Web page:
Affinity Fraud – Beware Thy Neighbor

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Most people who live in Utah would agree that it is a great place to live and raise a family. Aside from the natural beauty and abundant recreational opportunities, Utah tends to be made up of close-knit communities comprised of friendly, welcoming and trusting people. Ironically, it is some of these same characteristics that make Utah communities susceptible to affinity fraud. In fact, according to an article by the Economist, many believe Utah to be the affinity fraud capital of the country. In 2012, according to an article by the Deseret News, the FBI estimated that more than 4,000 Utah residents had lost close to $1.4 billion to affinity fraud schemes.

According to the Securities and Exchange Commission, “Affinity fraud refers to investment scams that prey upon members of identifiable groups, such as religious or ethnic communities, the elderly, or professional groups. The fraudsters who promote affinity scams frequently are – or pretend to be – members of the group. They often enlist respected community or religious leaders from within the group to spread the word about the scheme by convincing those people that a fraudulent investment is legitimate and worthwhile. Many times, those leaders become unwitting victims of the fraudster’s ruse.”



While affinity fraud can take many forms, many involve Ponzi schemes, where new investor money is used to pay earlier investors under the guise of a legitimate investment. This type of fraud relies on an increasing number of investors to provide new money to satisfy the ever increasing repayment requirements of the expanding pool of investors. The nature of a Ponzi scheme makes it a ticking time bomb, eventually running out of new investors and capital. In addition, large amounts of money may be siphoned to fund the typically extravagant lifestyle of those perpetrating the scheme. As an old proverb states, “It is easy to spend someone else’s money.”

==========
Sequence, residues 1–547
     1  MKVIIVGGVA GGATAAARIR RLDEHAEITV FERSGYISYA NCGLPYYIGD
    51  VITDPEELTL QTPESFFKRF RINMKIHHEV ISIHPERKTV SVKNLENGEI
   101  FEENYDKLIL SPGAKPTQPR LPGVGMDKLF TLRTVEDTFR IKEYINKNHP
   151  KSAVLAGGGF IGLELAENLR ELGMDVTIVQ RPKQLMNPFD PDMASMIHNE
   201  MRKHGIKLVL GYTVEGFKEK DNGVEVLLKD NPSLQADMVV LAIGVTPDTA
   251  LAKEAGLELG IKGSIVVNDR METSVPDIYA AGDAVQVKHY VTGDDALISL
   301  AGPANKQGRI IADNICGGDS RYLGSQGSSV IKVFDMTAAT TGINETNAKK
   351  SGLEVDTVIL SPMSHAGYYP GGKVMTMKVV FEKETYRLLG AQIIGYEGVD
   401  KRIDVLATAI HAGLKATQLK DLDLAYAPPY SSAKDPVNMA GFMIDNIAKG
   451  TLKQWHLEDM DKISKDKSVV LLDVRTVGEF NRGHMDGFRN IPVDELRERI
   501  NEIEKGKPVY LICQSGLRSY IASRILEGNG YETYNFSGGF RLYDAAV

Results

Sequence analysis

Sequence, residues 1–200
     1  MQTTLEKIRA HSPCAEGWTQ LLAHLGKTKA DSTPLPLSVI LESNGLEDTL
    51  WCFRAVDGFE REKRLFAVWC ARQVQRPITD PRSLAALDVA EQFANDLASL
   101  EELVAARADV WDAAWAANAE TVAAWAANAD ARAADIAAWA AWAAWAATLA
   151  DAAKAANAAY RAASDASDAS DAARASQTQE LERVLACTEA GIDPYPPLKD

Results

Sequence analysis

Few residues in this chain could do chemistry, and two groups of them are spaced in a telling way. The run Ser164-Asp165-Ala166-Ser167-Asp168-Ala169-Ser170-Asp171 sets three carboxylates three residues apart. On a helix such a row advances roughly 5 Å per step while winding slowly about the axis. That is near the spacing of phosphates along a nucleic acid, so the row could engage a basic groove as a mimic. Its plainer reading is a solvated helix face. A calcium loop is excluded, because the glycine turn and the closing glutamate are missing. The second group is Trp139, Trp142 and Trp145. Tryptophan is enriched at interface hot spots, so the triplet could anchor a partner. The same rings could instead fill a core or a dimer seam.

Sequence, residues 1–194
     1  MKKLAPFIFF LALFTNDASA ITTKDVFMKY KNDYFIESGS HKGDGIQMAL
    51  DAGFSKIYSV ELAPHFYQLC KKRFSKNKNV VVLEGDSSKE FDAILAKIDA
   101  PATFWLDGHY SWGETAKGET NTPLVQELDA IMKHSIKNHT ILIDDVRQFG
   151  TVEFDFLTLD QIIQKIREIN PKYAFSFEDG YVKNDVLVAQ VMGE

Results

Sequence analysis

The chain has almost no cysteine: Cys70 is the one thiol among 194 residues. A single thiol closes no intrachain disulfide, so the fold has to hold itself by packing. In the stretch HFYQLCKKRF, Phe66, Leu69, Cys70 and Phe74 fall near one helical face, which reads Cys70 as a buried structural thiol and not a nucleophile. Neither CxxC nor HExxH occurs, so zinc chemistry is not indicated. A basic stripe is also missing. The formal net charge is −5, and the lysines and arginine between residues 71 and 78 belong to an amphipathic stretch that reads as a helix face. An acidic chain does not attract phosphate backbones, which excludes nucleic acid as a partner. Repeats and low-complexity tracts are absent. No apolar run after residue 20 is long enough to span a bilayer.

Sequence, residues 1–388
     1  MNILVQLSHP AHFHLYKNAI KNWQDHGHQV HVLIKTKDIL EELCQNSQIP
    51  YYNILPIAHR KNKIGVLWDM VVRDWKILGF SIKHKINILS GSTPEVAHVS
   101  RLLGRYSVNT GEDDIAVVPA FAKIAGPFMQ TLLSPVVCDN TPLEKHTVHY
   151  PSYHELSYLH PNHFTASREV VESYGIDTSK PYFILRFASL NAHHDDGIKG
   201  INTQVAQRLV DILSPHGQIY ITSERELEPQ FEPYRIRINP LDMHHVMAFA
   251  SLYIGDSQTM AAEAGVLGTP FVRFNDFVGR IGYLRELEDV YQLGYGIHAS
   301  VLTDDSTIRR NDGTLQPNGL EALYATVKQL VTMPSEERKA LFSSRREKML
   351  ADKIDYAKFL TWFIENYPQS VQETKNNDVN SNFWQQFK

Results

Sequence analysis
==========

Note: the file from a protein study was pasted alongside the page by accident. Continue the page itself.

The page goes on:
Ponzi schemes generally entice investors with promised high rates of return while claiming little or no risk to the investor. Often, investors are told that they are purchasing a security interest in a property or development with an extensive equity position, therefore, posing little risk to the investor. In reality, the property may have little or no equity, or worse yet, it may not even be owned by the offeror.

Payments made to investors help create the illusion of a successful investment and provide investors with increased trust and confidence, potentially resulting in additional investments from existing investors and referrals from investors to unsuspecting friends, family and neighbors about the perceived “great investment opportunity.” This results in well-intentioned individuals unwittingly helping to perpetuate the fraud being committed. Unfortunately, there are many situations where well-meaning individuals have encouraged family members and friends to become involved in such investments, often resulting in irreparable harm to relationships after the fraud is uncovered.

It is important to remember that Ponzi schemes rely on the trust and good faith of individuals and not necessarily a lack of knowledge or intelligence. There are many smart and welleducated individuals, including doctors, lawyers, accountants and even investment advisers who have lost money through investments in Ponzi schemes. Many times, individuals who find themselves victims of affinity fraud feel a sense of embarrassment and, therefore, choose not to report it.

While most investments inherently have some degree of risk, investors can minimize the risk of becoming a victim of affinity fraud by doing the following:

  1. .Beware of investments that offer high rates of return, especially those claiming to have little or no risk.
  2. .Be suspicious of any investment that you are told to keep confidential.
  3. Beware of any investment where you are being pressured or rushed into a decision before having the opportunity to perform appropriate due diligence.
  4. Be suspicious of guarantees.
  5. Beware of investments that are not in writing or provide only minimal documentation.
  6. Beware of investments claiming to have a secret or revolutionary new trading strategy.
  7. Verify the person selling the investment is registered and has the appropriate license.
  8. Ask for audited financial statements.
  9. Remember that if it sounds too good to be true, it probably is.

If you are concerned that a family member, friend or client has become involved in a fraudulent investment scheme, consider recommending that they consult with a CPA with experience in investment fraud. Even if the investment is legitimate, it’s always better to be safe than sorry.


Computer Forensics

Dan Baldwin

Dan Baldwin is a writer for Attorney at Law Magazine. He has been contributing to the magazine since 2012.

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